Older investors face a host of challenges entirely different to those faced by their young selves. Sandy McGregor offers a wise perspective for those of this age and stage.
At some point as we age comes the realisation that we too are going to die. When we are young death is almost a theoretical idea that does not influence our thinking or the way we behave. We live as if we are immortal. A sudden awareness that this is not the case has a profound effect on how we conduct our financial affairs. We look at things differently and our agendas change.
Our attitude to risk changes
The young can take risks knowing that if things do not work out as hoped they can always start again. Time is on their side. Older investors must live with the reality that it will be difficult to recoup significant financial losses. They are either approaching or have passed the age of retirement. Most do not have an income or resources large enough to recover significant losses from increased savings. Most older investors are instinctively cautious.
Access to information changes
One of the problems many face when retiring from active business is their sources of information dry up. When I managed Allan Gray’s individual client portfolios on occasion a newly retired successful businessman would approach us to manage his share portfolio. I would look at his existing portfolio and ask: “Why do you need us? These are similar shares to what we would buy.” “Yes,” would be the reply, “But when I was involved in business, I had a sense of what was going on. Following my retirement, that is no longer the case, and I lack the information required to invest successfully.”
If anything, the plethora of information on the internet makes investment even more difficult than it was. Success often depends on being different, but it becomes increasingly difficult to stand aside from the widely held consensus communicated with such authority and in such detail. With age good financial advice provided by someone one trusts becomes increasingly important. It is not that one must follow such advice, but few are qualified to manage their wealth on their own.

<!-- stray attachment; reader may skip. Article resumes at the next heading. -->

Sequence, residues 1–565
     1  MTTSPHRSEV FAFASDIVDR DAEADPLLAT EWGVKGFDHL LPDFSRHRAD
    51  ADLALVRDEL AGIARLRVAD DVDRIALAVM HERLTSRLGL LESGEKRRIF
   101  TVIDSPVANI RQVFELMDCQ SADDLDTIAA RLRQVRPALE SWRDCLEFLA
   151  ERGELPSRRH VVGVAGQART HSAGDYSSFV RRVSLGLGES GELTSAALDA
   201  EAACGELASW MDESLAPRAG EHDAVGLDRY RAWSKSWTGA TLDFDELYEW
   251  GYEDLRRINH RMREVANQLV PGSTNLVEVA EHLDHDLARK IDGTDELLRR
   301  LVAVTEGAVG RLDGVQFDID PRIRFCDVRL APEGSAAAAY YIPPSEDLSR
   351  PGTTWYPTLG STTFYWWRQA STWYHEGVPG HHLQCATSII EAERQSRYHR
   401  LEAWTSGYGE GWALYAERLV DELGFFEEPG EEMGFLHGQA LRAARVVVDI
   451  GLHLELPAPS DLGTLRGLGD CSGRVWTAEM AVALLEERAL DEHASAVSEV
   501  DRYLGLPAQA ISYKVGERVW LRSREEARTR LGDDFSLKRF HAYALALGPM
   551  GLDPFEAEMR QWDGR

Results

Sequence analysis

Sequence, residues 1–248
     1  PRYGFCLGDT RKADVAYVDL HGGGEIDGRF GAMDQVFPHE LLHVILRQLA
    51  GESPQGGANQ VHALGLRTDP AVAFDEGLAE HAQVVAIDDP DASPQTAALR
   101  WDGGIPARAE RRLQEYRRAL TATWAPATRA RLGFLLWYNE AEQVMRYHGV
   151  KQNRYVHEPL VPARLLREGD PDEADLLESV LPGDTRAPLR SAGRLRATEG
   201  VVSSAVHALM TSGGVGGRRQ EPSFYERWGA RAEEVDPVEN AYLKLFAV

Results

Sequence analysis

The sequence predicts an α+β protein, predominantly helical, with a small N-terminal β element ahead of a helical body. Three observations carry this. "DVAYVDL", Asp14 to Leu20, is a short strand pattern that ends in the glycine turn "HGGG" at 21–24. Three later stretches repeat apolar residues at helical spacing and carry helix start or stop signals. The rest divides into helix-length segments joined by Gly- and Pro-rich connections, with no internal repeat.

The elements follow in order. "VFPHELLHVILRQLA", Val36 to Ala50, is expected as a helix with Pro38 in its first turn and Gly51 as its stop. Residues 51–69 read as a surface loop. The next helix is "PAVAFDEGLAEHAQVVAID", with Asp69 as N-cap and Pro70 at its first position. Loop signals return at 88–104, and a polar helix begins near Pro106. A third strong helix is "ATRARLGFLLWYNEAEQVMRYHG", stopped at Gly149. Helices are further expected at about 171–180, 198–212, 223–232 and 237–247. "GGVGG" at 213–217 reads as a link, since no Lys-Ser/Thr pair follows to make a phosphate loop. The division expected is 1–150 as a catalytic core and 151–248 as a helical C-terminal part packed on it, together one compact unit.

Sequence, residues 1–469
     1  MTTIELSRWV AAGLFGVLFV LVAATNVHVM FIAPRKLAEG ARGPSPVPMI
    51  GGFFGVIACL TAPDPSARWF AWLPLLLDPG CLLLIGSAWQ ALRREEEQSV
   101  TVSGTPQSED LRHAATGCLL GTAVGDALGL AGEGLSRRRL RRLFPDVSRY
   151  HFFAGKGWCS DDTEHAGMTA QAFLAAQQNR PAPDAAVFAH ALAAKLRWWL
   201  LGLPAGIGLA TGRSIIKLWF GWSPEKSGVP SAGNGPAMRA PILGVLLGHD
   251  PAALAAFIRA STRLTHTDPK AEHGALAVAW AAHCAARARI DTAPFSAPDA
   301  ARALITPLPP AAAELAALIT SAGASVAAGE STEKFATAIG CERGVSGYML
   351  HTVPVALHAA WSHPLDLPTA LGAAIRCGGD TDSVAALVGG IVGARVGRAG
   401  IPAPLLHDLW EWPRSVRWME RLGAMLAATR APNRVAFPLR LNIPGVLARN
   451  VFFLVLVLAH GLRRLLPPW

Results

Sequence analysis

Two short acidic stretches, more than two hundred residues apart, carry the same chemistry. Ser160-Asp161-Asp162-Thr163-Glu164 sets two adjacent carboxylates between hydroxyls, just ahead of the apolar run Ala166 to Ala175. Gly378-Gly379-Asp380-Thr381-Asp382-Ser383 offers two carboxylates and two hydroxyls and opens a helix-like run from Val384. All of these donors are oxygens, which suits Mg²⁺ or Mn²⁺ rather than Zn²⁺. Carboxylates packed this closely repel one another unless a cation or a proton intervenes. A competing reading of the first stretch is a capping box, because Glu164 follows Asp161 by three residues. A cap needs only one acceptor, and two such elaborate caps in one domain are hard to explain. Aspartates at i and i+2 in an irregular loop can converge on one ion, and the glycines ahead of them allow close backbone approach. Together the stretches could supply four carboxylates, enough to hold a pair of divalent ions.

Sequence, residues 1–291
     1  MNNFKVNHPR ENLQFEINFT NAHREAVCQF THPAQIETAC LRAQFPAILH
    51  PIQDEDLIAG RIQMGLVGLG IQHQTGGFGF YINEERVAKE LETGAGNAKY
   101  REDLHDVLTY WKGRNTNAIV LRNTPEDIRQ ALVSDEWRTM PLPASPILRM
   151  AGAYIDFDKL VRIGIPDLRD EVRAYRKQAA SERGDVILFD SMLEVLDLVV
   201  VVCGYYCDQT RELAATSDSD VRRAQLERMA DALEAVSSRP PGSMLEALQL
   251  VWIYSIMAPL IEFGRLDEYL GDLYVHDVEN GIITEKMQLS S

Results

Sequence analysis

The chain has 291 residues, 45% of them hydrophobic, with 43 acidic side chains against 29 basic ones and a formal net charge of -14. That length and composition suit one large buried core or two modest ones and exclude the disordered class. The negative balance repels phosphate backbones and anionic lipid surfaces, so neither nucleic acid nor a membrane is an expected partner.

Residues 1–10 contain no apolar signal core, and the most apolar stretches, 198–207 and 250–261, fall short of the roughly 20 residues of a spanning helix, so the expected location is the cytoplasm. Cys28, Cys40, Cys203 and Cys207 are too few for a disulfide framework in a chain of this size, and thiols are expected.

As accumulating wealth is largely a matter of compounding over time, most wealth lies in the hands of older people. The issue of inheritance looms large. While there are a few curmudgeons hostile to inherited wealth, most parents have a natural desire that their assets should in time pass to their children. As they get older the successes and failures of their children become more important than their own. For those in a position to do so, supporting their children as they enter the expensive stages of their lives, buying houses, finding partners and raising families, becomes a priority. Financial planning becomes increasingly focused to this end.
The biggest challenge that most older investors face is that they must live on what they have got. Unlike the young, they cannot assume that somehow they will make lots of money which will see them right. They are caught in a conundrum where their future expenditures are increasing due to greater longevity, but investment returns are in a secular decline. This is not only a South African problem. It is a global issue. There are few if any countries which can claim that they have a fully funded pension system. How this is to be resolved will be one of the most important political challenges of coming years.